Does Buffett Style investing work in Australia?
Warren Buffett has said it is far better to “buy a wonderful company at a fair price than a fair company at a wonderful price”. He also likes to say his “favourite holding period is forever”.
But does this work in Australia?
Australia doesn’t have a plethora of global world beating franchises. Our best brands don’t come anywhere near making the top 100. Billabong and Qantas are probably our two most recognised global brands and these have not been fantastic investments over the last decade. In the Brand Directory for 2012, we have some brands that have value, but they are not world beating brands, they are local franchises.
So are there any companies in Australia that would tempt Buffett? Yes, but not many.
Buffett generally doesn’t invest in cyclical businesses, so this rules out the mining companies.
He likes to invest in a few banks, so maybe some of our banks might make his portfolio. However at their current prices, I would be very surprised if he decided to buy Commonwealth bank trading at 2.4 times book value when he can buy Wells Fargo at 1.2 times book value or Bank of America at 0.5 times book value.
Buffett has been buying more of the US banks recently, but most of his purchases have been after significant pain the the mortgage market. Something we haven’t seen here in Australia (yet).
He likes to invest in insurance companies, so would QBE make the list? With QBE’s highly geared structure, I would think that Buffett would throw it into the too hard basket.
IAG might pop up on his radar, but they have had a less than stellar record over the last 10 years so it is also unlikely.
Buffett has always liked newspapers since his days as a delivery boy, but with Fairfax destroying capital at an alarming rate, it is probably not a worthy investment. Newscorp is one of the stocks that may be on his radar as the formidable Rupert continually surprises his competitors.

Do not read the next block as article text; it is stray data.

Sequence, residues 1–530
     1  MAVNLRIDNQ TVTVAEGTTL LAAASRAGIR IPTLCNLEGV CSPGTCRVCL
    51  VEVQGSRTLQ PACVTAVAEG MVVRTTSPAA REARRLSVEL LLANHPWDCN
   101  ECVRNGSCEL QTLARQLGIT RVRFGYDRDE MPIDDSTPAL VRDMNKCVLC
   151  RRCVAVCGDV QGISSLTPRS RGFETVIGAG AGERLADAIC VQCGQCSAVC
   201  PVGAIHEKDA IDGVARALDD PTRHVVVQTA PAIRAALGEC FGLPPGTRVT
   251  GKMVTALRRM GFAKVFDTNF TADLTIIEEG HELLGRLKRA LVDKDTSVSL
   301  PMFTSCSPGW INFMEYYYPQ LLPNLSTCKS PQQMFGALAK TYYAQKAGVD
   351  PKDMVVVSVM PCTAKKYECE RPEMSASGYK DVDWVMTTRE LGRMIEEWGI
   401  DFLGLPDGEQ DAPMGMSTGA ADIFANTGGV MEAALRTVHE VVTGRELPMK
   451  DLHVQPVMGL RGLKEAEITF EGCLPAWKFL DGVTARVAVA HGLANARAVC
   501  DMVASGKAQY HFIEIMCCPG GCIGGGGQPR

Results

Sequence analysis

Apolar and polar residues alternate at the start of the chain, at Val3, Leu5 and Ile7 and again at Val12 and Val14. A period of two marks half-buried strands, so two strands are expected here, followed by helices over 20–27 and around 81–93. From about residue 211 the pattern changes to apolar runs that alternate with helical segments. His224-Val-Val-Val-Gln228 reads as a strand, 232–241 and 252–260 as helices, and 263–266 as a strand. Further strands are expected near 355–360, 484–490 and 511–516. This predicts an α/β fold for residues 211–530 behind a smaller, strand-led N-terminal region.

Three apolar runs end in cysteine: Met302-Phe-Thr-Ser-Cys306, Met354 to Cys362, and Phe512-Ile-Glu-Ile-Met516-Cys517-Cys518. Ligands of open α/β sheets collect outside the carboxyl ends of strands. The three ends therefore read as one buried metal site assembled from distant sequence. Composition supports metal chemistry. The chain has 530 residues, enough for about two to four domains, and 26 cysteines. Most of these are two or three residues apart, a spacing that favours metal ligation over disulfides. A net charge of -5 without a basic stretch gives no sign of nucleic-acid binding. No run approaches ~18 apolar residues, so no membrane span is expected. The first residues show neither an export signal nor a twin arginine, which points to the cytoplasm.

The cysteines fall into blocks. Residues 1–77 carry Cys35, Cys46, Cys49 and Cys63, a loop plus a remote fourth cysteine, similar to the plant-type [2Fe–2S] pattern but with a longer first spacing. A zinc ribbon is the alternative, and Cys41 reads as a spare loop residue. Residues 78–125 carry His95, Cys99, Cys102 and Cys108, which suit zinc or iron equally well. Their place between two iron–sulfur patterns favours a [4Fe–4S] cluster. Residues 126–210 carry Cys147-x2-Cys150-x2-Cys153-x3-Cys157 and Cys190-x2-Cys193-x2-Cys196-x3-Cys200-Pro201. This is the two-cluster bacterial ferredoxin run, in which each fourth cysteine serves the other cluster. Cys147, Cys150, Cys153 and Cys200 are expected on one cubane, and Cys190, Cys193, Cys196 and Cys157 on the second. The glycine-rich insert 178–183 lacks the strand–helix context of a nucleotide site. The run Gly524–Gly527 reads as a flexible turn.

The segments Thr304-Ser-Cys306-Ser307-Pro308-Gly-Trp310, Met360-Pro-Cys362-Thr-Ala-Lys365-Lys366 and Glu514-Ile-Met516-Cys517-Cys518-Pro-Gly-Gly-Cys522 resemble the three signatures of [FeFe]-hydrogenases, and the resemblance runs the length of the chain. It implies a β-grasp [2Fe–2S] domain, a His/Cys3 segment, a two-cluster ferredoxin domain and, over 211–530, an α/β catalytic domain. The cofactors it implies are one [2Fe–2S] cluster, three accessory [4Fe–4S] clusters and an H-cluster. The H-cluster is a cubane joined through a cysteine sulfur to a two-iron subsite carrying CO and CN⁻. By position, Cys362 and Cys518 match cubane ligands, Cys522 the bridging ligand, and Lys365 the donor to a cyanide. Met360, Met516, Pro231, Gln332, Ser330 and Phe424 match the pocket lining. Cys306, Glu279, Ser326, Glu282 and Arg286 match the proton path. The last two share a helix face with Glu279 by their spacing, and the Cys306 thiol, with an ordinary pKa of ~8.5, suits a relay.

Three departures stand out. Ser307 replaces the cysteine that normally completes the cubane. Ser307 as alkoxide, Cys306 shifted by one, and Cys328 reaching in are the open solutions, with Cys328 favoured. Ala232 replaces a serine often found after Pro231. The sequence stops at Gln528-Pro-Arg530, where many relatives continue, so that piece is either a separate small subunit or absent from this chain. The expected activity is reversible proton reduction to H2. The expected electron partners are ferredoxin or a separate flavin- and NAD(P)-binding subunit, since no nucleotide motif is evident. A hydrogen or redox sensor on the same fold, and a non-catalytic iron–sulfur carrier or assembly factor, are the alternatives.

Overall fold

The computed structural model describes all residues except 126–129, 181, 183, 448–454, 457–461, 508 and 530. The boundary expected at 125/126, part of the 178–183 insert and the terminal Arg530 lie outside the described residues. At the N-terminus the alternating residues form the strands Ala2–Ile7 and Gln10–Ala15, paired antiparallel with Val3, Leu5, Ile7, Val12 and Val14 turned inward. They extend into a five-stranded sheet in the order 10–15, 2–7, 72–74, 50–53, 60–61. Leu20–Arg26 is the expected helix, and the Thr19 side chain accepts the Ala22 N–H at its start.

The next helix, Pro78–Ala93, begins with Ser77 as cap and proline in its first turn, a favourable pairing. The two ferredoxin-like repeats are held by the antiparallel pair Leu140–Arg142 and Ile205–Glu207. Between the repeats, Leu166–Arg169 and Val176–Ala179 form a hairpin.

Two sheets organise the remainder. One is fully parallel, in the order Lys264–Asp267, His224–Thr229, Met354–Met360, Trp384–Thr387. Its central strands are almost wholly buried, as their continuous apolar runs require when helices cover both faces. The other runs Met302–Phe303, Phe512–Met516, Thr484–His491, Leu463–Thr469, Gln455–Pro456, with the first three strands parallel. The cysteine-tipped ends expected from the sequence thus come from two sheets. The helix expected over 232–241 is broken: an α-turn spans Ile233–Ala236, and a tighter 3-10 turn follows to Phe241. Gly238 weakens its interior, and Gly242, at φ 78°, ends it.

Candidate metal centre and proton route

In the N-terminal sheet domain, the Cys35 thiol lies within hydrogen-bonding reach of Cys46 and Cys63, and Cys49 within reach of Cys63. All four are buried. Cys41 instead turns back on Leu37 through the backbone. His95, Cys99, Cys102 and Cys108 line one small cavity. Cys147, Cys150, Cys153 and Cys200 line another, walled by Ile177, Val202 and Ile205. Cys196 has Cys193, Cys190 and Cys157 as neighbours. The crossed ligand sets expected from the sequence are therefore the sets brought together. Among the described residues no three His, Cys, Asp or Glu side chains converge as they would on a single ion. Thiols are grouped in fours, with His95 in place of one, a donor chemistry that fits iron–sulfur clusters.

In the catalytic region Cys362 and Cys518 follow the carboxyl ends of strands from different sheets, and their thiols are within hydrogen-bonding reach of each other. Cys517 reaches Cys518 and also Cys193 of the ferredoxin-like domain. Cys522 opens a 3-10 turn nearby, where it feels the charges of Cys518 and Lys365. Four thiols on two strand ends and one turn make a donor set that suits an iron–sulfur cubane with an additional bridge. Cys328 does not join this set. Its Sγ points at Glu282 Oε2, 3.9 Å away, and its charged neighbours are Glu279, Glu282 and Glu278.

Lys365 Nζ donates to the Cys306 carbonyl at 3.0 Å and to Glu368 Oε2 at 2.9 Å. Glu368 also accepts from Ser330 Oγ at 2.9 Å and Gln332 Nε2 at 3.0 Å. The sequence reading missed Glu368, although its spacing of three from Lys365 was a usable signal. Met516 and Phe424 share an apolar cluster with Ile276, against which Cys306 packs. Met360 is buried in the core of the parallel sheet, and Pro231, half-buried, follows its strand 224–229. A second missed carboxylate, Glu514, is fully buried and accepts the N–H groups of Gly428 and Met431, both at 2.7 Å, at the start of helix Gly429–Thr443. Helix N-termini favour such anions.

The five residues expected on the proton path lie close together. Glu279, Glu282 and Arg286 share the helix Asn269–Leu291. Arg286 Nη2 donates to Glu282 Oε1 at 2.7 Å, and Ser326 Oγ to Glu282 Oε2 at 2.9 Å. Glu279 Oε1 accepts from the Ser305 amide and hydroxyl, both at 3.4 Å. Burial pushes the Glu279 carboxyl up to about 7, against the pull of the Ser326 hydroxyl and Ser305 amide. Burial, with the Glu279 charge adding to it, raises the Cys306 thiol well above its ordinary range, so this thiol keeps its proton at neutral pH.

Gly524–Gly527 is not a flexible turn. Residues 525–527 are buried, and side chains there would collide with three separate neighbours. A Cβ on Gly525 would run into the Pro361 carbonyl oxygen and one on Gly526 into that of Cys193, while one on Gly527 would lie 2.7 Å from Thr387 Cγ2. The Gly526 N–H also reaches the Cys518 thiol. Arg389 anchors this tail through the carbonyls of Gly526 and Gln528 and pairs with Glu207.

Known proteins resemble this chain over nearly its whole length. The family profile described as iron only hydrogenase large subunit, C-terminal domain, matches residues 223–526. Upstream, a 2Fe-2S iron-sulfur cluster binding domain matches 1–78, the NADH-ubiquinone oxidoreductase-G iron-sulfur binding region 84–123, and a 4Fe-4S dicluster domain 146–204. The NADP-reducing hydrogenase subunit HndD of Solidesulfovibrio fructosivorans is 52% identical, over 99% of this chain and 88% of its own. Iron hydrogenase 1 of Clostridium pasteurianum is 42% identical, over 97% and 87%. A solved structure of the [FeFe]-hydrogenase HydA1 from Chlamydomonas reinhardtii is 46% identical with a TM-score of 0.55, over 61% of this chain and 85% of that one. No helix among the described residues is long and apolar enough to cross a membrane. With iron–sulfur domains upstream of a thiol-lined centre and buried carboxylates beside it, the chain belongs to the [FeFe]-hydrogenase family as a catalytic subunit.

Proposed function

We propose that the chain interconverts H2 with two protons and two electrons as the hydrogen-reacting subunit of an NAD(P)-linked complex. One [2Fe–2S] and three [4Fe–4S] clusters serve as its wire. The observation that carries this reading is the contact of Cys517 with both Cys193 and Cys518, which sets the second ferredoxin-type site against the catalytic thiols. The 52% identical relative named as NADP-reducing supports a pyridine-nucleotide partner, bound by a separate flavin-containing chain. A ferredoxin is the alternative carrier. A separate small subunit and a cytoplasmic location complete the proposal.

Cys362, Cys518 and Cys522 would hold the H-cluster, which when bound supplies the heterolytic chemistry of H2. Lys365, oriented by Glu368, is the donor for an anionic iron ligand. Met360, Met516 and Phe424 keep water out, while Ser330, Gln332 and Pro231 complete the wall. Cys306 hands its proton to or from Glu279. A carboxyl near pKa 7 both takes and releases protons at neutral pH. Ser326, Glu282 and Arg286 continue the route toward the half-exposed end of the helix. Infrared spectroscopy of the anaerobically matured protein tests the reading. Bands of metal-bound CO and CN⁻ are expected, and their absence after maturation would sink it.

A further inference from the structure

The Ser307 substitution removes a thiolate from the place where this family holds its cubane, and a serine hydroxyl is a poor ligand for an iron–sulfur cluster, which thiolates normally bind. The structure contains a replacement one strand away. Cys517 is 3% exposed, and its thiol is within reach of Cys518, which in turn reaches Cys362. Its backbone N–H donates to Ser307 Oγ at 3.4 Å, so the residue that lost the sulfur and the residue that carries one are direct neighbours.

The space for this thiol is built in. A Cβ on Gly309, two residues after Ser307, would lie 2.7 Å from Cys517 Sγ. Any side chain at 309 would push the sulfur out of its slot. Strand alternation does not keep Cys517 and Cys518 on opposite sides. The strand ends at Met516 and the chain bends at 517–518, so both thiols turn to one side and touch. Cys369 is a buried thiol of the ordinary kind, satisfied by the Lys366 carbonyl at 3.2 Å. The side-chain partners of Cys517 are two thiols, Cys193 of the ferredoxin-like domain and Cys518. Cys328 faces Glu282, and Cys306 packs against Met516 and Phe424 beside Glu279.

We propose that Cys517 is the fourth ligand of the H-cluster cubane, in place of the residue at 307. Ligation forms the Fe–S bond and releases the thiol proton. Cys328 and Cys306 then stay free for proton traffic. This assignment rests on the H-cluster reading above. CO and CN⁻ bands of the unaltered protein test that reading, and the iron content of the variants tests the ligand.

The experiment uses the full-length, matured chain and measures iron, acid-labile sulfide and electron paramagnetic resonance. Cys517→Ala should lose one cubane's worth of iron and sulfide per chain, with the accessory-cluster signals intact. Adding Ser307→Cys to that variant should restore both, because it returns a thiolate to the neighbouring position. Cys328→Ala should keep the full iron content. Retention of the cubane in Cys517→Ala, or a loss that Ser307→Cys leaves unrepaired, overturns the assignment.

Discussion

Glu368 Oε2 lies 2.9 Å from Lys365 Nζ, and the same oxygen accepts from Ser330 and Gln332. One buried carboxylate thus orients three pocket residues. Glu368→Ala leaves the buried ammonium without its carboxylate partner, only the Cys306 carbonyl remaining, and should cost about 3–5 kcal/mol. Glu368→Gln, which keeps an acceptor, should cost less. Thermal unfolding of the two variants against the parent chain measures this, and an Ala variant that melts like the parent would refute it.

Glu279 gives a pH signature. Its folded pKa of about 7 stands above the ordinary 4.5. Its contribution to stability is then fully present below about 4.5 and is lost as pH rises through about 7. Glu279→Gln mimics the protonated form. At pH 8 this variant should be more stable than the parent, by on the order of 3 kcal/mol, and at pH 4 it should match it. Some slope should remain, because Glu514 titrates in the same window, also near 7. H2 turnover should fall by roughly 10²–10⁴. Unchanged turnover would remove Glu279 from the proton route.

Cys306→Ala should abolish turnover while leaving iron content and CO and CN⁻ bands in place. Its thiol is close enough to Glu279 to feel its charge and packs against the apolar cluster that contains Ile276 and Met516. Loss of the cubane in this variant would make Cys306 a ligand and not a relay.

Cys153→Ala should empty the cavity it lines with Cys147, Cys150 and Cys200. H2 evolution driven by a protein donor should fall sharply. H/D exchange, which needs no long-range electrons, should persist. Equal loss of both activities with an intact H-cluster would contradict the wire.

Buffett doesn’t invest in telco’s so everyones favourite – Telstra, is not going to make the cut.
So with the miners ruled out, the banks likely over priced, the telcos too uncertain and our insurance companies having been poorly run, what is left?
He might like a piece of ARB. The market leading 4 wheel drive company that has grown its shareholders funds well into the double digits for the last decade, however that is looking a bit overpriced at the moment.
Fleetwood is up Buffetts alley. He owns an amazing caravan business in the US. I would guess that Buffett would be worrying about a slowdown in mining affecting Fleetwood’s manufactured housing business.
Having invested in financial reporting at rating companies like Moody’s, Buffett may take a look at Iress which has a slightly different business, but still a moderately strong moat. Iress has also had a very good run of late and is not looking like it would fit in Buffett’s discounted cash flow mental models at present.
Buffett doesn’t mind an investment in oil and gas. His Conoco Phillips investment has been one of his worst performers, but he hasn’t sold all of it. A company like Origin energy might tickle his fancy with its current price falls, but with the US shale gas revolution and potential LNG exports out of the US, the upside on Australian high cost gas producers might be less than many predict.
Buffett has previously invested in Sanofi-Aventis, so would CSL get some research time? I would think it would. CSL appears to be kicking some goals at present, however with new management in place and a very high valuation, Buffett would probably leave it for another time.
Woolworths is a wonderful business that Buffett would also probably invest in, however his recent purchases in Walmart at 10 times earnings and Tesco at 8 times earnings make investing in Woolworths at 20 times earnings an unlikely prospect.
Buffett recently bought Burlington railway. So would QR be on his radar? It might, however with Burlington earning twice the return on equity and significantly lower debt that QR does, he would probably let that one slide.
So if Buffett was located in Australia, he would have a difficult time using his investment philosophy to fill a portfolio of Australian stocks.